But you asked for the reason I brought it back. I wanted to reintroduce people to who I was when they come to see the live shows. I was really thinking about that. And I wanted to do it on my own terms, not necessarily the way RuPaul’s Drag Race introduced me. And the truth about my drag is that the whole beginning section was a whole lot of [the Gollum kind] of drag.

I only got booked in Manhattan for Halloween shows for the first three years because I loved my prosthetics and monstrous ugliness. I had three other numbers where I just, as Gollum, would perform normal beauty songs. I did “Hopelessly Devoted to You,” but just as Gollum in [Brooklyn gay bar] Macri Park one night. [Laughs]

How did that go over?

SV: It was scary for people. I never did that again. But it was really fun that one time. I wanted to introduce people to that side of my drag. The punk, lesbian-glamour side and then the really polished side now.

Did you get a twisted satisfaction pushing people’s comfort levels that way? If you knew you had these big crowds coming to see you just because of Drag Race, was it fun for you to freak people out by showing up as this hideous troll creature?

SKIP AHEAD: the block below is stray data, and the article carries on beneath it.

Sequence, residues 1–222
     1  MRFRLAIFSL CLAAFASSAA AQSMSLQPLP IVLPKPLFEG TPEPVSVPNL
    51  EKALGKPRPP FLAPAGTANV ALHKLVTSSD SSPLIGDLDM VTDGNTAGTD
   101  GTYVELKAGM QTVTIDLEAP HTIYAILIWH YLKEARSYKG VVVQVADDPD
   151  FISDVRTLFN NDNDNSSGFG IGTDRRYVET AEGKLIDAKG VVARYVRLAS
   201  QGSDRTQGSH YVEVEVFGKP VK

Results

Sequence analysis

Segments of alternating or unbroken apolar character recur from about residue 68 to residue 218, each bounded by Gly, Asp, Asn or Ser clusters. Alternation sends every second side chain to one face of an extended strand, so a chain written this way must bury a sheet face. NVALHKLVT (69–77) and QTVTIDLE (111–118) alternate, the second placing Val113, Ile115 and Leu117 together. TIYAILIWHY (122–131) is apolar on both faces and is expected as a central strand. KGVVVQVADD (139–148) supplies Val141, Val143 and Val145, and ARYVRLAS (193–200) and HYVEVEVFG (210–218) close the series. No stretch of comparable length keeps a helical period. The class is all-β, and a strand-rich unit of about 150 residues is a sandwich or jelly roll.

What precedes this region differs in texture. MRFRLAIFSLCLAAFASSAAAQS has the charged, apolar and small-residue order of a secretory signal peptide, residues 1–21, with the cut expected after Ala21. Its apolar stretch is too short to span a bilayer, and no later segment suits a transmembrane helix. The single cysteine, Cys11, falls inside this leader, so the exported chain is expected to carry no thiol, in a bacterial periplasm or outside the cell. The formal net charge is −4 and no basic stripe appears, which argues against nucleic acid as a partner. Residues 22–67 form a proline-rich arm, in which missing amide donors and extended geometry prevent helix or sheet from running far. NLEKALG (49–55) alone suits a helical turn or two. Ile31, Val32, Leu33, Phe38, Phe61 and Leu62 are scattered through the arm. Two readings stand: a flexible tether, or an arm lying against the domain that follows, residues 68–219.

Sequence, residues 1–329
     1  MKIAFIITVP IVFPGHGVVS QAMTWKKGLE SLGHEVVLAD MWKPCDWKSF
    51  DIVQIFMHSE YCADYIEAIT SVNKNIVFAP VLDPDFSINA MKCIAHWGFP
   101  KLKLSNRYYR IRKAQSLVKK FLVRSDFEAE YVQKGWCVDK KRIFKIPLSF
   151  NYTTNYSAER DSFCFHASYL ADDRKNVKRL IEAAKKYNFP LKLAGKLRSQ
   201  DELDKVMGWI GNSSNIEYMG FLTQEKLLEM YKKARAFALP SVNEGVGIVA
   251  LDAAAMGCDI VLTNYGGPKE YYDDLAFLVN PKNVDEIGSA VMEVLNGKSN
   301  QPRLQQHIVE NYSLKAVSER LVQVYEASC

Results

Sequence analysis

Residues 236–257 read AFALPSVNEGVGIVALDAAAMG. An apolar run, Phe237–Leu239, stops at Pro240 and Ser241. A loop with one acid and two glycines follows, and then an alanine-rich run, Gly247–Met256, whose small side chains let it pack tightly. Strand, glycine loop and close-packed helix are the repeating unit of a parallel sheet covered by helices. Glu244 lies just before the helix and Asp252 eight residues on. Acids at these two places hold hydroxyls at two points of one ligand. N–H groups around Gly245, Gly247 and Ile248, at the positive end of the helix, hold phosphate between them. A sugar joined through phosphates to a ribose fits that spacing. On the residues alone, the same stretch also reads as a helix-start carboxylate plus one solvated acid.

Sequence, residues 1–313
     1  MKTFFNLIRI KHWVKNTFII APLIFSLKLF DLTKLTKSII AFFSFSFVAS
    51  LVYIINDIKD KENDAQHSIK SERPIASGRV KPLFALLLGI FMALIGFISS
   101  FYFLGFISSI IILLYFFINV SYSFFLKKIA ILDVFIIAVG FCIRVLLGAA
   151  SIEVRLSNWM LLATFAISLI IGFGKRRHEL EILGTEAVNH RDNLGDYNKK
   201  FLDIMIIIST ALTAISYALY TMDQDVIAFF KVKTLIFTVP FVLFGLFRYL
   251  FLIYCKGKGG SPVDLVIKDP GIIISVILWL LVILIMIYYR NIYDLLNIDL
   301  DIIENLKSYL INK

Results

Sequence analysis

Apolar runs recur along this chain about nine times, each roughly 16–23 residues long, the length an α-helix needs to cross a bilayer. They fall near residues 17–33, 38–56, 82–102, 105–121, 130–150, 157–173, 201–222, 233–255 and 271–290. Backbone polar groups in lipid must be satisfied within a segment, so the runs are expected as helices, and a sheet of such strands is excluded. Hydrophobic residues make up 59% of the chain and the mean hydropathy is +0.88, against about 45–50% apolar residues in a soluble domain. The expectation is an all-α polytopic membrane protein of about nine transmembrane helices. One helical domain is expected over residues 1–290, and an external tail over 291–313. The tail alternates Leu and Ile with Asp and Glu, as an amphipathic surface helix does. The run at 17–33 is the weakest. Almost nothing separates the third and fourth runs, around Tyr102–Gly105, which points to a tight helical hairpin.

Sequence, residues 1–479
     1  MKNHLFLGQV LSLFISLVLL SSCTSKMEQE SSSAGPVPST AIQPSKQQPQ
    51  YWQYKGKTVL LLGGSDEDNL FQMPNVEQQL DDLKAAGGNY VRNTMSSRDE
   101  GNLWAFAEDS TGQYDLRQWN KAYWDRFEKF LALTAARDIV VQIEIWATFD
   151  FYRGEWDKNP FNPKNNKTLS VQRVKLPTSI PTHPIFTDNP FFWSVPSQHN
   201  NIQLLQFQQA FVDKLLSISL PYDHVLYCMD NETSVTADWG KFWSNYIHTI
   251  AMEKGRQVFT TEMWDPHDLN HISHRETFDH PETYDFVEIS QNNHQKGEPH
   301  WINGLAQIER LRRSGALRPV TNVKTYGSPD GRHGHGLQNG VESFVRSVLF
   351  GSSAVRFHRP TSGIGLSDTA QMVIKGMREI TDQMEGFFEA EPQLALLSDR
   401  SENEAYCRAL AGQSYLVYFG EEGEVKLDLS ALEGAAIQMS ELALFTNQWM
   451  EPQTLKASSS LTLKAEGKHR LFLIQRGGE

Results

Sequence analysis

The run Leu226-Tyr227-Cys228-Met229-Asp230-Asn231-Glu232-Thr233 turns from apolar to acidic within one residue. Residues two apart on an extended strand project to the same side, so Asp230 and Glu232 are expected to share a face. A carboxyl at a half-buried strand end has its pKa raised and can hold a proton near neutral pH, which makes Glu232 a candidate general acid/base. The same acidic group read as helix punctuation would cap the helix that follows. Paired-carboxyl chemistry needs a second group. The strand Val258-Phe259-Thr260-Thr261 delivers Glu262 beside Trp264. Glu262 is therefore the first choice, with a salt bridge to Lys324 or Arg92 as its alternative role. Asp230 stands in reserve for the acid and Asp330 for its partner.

SV: So fun. And those venues were hot — I’d be sweating, dripping sweat onto them and then climbing over the stage. If there were architectural elements like pillars or poles, I always climbed them as Gollum. I loved doing it. And most of all, it’s fun for me. It gives me joy. I think when people go see a drag show, they want to see the performer having a good time, so that kind of sells them on it even if the concept would be off-putting on paper.

I never found that anyone in the audience looked at me in horror. Especially in the U.K., people were happy to see Gollum.

Also, with the Drag Race crown, I’m sure you get liberties to do weirder, more adventurous things.

SV: Right, like “this must be legit.” It’s nice to have the seal of approval because it does let you get away with strange and experimental things.

Are you still iterating on it? Do you have plans to bring Gollum back out again?

SV: In my heart, it’s always my No. 1 performance I think. So it’s just going to keep changing. I’m always going to keep costuming her differently. I don’t want people to know exactly what’s coming when I step out.